Effective April 1, 2018, the equal pay amendments to the Employment Standards Act (“ESA“) flowing from the Bill 148 Fair Workplaces, Better Jobs Act officially came into force in Ontario.

These equal pay provisions prohibit any employer paying different rates of pay to employees because of a difference in employment status (eg. full-time, part-time and/or casual employee status) when:

  1. they perform substantially the same kind of work in the same establishment;
  1. their performance requires substantially the same skill, effort and responsibility; and
  1. their work is performed under similar working conditions.

The amendments also prohibit temporary help agencies from paying an assignment employee a rate of pay less than the rate paid to an employee of the client in similar circumstances.

When complying with these equal pay obligations, it is important to note that an employer is not permitted to reduce the rate of pay of an employee in order to comply with its equal pay obligations or the equal pay obligations of a temporary agency. It is also important to note that the equal pay obligations now required by the ESA do not apply if the difference in pay is made on the basis of:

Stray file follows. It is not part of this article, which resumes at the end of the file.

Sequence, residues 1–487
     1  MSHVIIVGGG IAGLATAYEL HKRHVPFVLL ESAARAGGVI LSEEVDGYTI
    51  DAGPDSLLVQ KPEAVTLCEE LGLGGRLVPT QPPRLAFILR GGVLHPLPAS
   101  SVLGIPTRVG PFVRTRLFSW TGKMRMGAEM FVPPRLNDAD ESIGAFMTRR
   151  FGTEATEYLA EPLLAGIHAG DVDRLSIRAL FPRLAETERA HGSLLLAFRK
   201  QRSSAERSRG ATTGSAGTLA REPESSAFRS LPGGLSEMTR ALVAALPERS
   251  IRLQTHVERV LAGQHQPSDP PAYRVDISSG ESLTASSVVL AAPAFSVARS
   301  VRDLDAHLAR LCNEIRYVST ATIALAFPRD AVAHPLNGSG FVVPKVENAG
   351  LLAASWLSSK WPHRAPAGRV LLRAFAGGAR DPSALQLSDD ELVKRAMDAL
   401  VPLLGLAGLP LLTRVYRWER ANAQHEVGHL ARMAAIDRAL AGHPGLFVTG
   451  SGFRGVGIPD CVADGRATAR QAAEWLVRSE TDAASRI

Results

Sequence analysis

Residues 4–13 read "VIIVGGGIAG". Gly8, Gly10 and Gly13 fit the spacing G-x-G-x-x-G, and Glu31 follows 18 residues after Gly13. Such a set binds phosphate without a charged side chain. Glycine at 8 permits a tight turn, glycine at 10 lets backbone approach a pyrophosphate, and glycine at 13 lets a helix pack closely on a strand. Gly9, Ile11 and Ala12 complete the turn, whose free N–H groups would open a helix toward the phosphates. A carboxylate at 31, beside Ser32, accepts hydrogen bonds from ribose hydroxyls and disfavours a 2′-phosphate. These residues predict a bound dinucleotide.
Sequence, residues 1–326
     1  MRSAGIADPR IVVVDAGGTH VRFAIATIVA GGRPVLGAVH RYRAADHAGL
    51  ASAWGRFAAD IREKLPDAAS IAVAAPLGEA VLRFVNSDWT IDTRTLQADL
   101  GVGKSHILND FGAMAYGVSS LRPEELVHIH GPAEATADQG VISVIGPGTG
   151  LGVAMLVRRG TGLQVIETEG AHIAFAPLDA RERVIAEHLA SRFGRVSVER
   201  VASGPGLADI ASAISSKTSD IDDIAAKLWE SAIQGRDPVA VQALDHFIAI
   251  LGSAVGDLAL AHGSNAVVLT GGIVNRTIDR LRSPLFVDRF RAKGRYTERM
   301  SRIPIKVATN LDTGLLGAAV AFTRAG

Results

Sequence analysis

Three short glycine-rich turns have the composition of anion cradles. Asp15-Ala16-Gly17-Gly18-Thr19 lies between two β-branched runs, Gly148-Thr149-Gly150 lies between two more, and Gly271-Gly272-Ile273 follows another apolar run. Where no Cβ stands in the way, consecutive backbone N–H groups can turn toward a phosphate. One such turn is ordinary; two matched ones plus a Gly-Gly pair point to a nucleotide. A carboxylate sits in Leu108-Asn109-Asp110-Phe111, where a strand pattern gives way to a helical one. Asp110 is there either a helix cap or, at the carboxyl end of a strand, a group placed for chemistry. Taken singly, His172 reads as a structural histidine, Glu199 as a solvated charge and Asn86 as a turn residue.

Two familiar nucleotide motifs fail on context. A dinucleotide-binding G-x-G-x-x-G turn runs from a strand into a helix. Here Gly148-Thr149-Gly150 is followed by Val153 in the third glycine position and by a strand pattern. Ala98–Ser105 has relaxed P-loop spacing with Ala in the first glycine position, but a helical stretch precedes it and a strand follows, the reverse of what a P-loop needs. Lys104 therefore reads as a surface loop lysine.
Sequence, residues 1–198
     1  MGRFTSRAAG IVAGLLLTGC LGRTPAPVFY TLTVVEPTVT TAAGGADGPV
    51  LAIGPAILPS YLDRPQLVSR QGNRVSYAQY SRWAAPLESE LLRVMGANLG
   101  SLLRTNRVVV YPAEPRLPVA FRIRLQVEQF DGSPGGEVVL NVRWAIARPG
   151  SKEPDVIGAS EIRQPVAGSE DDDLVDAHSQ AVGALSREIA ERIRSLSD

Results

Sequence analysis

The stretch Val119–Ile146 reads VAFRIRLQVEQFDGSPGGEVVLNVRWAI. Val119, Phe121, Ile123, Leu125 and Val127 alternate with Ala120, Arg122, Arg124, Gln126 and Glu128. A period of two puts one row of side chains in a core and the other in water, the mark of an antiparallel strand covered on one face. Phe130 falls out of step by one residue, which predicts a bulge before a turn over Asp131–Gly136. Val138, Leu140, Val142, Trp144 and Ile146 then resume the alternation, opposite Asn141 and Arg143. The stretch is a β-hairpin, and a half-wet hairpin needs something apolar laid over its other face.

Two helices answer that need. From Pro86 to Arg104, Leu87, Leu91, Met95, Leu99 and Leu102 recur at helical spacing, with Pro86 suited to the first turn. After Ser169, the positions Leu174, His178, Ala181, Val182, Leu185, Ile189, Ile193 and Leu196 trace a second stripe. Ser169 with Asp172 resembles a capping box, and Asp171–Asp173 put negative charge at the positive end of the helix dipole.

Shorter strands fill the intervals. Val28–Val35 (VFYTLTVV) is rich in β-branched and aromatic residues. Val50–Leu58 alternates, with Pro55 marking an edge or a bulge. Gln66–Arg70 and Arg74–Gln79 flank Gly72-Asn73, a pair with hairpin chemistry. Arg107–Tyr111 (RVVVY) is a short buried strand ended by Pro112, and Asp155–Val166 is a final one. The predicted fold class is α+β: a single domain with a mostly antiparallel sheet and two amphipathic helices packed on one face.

1. a seniority system;
  1. a merit system;
  1. a system that measures earnings by quantity or quality of production; or
  1. any other factor other than sex or employment status.

If, however, a collective agreement is in effect on April 1, 2018 and that collective agreement contemplates differences in pay based on employment status, the collective agreement prevails until that collective agreement expires or January 1, 2020, whichever is earlier.

Employers must be mindful of these new equal pay obligations and ensure compliance in order to avoid the prospect of being ordered to pay back wages and/or face fines imposed by the Ministry of Labour for non-compliance.